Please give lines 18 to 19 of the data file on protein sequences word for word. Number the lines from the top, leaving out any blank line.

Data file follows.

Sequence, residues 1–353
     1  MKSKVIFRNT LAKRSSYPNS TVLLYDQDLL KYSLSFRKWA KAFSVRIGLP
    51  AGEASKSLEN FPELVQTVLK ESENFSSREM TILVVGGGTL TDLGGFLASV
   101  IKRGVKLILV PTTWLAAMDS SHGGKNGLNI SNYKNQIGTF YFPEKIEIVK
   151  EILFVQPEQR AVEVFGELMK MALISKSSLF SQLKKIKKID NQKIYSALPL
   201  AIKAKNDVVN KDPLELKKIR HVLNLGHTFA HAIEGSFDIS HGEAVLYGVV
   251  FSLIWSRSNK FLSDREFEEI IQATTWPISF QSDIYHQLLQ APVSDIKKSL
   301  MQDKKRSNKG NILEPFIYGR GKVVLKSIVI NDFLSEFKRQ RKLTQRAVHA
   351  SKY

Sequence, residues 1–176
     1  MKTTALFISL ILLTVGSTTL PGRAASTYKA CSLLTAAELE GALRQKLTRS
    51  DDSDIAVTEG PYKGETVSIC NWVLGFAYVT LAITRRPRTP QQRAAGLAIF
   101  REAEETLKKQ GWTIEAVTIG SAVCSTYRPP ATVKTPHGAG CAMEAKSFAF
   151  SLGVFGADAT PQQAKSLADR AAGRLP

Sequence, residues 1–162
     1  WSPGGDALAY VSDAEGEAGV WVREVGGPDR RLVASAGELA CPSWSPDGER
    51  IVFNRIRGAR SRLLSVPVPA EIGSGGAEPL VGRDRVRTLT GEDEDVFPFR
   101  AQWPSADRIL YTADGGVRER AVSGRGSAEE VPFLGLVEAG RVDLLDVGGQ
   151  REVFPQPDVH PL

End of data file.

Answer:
   101  AQWPSADRIL YTADGGVRER AVSGRGSAEE VPFLGLVEAG RVDLLDVGGQ
   151  REVFPQPDVH PL